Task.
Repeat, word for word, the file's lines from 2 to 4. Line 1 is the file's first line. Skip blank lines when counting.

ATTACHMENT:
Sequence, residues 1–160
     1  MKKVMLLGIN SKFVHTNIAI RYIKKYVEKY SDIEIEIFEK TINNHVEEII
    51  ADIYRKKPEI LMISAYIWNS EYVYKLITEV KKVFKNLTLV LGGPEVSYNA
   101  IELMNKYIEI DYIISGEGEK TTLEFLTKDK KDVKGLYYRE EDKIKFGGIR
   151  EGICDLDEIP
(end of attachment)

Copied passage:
     1  MKKVMLLGIN SKFVHTNIAI RYIKKYVEKY SDIEIEIFEK TINNHVEEII
    51  ADIYRKKPEI LMISAYIWNS EYVYKLITEV KKVFKNLTLV LGGPEVSYNA
   101  IELMNKYIEI DYIISGEGEK TTLEFLTKDK KDVKGLYYRE EDKIKFGGIR